There was one final bit of confusion where we nearly missed a turn but I saw the Dan Henry at the last moment and we stayed on track. I was leading this small group at the end, but only because I was riding flat pedals. One thing which I haven’t mentioned yet was that at any stop all the cyclists would launch off and then basically paused as they all clipped in. As I have flat pedals I can take off and just go.  Even when I did ride clipless pedals I rode ones that had a platform on one side so you could just take off and then clip in when steady.  I found this continuously amusing though, when someone was shakily trying to clip in right in front it was a bit disconcerting. Anyway once past this one jog it was only a couple of more blocks and then there was a cheering (small) crowd and the Marathon photo people taking pictures as we took a hard right into a parking garage.  it was 4:45 and I’d ridden 78.6 miles from the start line to here.  From there we stored our bicycles, received instructions on reclaiming them and headed up to where our bags and the “party” was.

the beer
The alcohol part of the party

I had fully intended to get my bag and head to my hotel to clean up and then return to the party.  But I had to cut through the party to get my bag and seeing what that entitled I decided to instead check it out for a few minutes, drink my “free” beer and then go out into Vancouver for better food and drink.  The beer was some mediocre massed produced Canadian thing (considering that we are mostly Washingtonians and that Canada has great microbreweries you’d think they’d plan that a bit better) but it at least washed down the road dust. The food was burgers and for those of us who don’t eat beef, garden burgers. Not really what I was in the mood for.

Cooling down
Riders cooling down at the party

Now don’t get me wrong, I’m not really disparaging the party. If you were in a big group, or knew a lot of people here or were totally wiped by the ride a good time could certainly be had. But on a beautiful summer evening, in one of the great cities of the West Coast, right on the waterfront with tons of amazing restaurants, well I had other things in mind. So I downed my beer, ordered a commemorative t-shirt and headed to my hotel. It was only about three blocks away so I was soon checked in and enjoying a shower.  After cleaning up and changing clothes I set out to see what was in the immediate vicinity with an eye toward seafood and beer. As it was only 5:30 or  I walked around for about an hour and then finally settled at The Boathouse Seafood Grill & Pub.  This was just what I was after, a classy seafood joint that had an attached pub where you could get the good eats but in a pub atmosphere. I spent a nice leasurly time there drinking an IPA and a Pale Ale as I ate Miso Encrusted Halibut (which was amazing) and later a slice of Key Lime Pie. I watched a bit of the Olympics which was on the bar TV while I was there.  Afterwords I walked around the waterfront as the sun was going down, but eventually I was overcome with weariness and went to my hotel where I watched a it more Olympics and went to sleep.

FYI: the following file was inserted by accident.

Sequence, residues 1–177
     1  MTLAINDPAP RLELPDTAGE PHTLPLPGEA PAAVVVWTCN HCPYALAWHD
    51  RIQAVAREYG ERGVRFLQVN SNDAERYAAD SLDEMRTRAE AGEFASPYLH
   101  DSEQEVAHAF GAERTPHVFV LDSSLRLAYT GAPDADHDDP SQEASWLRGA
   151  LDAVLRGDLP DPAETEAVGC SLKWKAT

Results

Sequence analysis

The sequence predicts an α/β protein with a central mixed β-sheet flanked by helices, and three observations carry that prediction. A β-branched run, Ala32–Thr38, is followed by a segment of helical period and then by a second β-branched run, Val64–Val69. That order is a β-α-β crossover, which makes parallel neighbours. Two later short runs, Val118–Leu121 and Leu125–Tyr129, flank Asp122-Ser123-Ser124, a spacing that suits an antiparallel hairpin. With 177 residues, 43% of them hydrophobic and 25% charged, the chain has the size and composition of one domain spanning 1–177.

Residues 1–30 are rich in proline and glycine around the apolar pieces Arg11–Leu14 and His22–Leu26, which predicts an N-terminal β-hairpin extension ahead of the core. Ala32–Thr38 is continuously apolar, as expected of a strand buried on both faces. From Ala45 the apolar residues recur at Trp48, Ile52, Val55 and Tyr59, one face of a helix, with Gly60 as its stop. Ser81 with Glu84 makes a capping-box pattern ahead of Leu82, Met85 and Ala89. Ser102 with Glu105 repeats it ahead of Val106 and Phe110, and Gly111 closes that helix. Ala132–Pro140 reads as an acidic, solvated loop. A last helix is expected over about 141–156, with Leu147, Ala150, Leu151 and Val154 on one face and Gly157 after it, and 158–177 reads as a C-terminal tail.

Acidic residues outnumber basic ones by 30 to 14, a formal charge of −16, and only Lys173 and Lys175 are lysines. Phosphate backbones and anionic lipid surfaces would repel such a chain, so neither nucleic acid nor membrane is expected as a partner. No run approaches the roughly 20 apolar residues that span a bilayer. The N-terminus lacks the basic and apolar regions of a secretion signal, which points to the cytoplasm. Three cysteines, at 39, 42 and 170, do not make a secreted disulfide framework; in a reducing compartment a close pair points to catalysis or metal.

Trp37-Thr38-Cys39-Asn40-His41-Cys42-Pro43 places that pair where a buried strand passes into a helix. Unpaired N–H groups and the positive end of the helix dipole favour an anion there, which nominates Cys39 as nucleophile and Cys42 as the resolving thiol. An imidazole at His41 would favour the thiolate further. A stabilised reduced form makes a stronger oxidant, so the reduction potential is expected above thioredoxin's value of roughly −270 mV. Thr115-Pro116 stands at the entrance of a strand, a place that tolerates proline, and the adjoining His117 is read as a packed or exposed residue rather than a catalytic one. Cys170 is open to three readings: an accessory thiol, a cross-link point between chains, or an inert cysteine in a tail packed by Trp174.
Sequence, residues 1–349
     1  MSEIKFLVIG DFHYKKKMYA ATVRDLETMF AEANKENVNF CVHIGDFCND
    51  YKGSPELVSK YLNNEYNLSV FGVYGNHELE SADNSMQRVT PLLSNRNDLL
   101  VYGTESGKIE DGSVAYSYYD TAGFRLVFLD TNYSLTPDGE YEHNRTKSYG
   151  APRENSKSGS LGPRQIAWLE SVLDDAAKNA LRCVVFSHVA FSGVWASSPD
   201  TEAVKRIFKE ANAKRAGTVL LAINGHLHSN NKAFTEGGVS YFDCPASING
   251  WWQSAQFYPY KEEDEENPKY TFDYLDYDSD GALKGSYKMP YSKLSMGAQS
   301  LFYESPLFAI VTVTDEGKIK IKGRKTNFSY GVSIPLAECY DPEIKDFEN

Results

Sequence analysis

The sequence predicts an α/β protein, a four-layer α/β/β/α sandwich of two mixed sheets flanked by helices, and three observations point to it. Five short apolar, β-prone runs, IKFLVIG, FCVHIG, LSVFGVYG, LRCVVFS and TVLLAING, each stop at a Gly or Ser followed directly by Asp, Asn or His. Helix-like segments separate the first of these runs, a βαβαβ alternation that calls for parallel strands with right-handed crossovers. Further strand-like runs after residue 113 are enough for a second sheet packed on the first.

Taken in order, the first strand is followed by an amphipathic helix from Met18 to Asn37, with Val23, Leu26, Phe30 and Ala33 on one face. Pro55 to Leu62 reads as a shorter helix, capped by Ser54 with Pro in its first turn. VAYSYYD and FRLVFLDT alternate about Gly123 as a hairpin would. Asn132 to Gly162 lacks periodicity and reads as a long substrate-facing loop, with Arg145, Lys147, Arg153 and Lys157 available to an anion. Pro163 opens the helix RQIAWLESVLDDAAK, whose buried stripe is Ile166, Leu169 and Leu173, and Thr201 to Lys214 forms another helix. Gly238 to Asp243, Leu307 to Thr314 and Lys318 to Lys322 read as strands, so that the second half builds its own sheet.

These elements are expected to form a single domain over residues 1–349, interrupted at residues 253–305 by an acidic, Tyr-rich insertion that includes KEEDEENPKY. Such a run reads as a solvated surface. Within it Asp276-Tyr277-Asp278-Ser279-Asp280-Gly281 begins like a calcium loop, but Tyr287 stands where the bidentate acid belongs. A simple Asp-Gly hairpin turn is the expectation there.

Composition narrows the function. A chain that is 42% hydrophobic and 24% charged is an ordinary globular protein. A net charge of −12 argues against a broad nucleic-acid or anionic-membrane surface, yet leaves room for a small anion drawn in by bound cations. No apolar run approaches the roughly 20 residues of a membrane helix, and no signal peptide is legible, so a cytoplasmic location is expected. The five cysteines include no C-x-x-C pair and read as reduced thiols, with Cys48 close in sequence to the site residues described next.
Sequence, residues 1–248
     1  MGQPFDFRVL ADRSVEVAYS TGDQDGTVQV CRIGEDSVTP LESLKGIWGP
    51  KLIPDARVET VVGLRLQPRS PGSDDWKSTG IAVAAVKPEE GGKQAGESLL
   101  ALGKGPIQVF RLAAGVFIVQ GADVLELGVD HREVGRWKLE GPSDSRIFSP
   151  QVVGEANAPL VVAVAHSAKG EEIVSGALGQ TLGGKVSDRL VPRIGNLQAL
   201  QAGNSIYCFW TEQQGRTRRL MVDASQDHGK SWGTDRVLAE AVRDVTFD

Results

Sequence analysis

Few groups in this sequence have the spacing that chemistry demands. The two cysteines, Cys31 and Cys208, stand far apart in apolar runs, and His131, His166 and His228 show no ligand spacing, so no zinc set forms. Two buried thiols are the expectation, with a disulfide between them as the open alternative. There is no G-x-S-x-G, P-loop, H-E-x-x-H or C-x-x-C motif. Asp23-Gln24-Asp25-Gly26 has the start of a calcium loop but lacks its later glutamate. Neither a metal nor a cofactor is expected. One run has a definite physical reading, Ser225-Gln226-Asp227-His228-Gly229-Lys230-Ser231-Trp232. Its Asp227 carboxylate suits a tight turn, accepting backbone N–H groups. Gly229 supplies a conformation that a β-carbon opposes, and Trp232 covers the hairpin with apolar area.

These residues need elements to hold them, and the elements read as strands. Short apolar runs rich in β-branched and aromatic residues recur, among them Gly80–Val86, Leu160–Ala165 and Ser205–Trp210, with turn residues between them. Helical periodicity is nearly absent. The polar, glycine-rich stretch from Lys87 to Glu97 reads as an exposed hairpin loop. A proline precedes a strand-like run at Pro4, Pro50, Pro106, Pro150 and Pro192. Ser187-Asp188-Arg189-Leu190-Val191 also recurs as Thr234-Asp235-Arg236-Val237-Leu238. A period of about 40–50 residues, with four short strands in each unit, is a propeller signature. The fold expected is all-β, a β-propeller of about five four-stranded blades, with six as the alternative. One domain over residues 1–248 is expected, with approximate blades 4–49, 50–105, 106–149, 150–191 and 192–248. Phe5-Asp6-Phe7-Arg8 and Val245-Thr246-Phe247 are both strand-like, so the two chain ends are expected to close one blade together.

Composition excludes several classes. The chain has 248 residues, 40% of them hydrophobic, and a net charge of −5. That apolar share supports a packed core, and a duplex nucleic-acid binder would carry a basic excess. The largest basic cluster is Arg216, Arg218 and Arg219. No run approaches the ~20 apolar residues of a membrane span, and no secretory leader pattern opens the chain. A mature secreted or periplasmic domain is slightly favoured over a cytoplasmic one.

Waterfront at sunset
Vancouverites out enjoying the sun

My total riding for the day was 83.4 miles/134.2 km over 6 hours.
I’d ridden 196.7 miles/316.5 km total in two days for the RSVP.

To see all my pictures from this day:: RSVP Day 2 Pictures
To see my accounts of the rest of the trip: RSVP and Back Again

RSVP and Back Again – day 1

Wednesday, September 10th, 2008
dawn in kirkland
Dawn in Kirkland

The first day of Cascade Cycling Clubs RSVP ride began early with my alarm waking me up at 4:30 in morning. The starting line for the ride was officially 6:30-7:30 and I planned to start around 7.  As I’ve mentioned before I’m always ride to the ride so I needed enough time to make it to Warren G. Magnuson park. There is one problem with this scenario: Lake Washington.  I live directly across the lake from the park, probably about a mile away. But lacking the ability to cycle on water I have to go around the lake to the north or cross one of the bridges to get there. The 520 bridge makes the trip just over 10 miles but you can’t ride on that bridge.  The shortest route around adds about 6 more miles and additionally would have me riding a section of the ride’s route but against the traffic. I could of course skip the start line and just ride directly to the first point of intersection, but I’ve never done this ride and wanted to experience the whole thing.  So what I settled on was to use the bus to get my bicycle across the bridge and then ride the remaining distance to the start line.

Of course taking the bus was not without its risks – the bus only had room for two bicycles on the rack and I could only afford to miss one bus. I was catching a bit of an earlier one figuring I could spend time at the start line drinking coffee or leave earlier if I ended up getting there early. I awoke before dawn and before my alarm clock after a pretty short night of sleep.  I of course had to sign up for this ride in January with out any knowledge of what I would be doing for work in the summer.  It turned out I was on one of the shortest projects in our companies history and that there wasn’t much leeway for vacation time.  The day RSVP started was a big milestone for work so I ended up working later then I’d want to the day before. And then of course I had to get everything ready, tidy up the house a bit and so on.  Add to that the fact that I never sleep well before trips I set out on a 100+ mile day on about 3 hours sleep.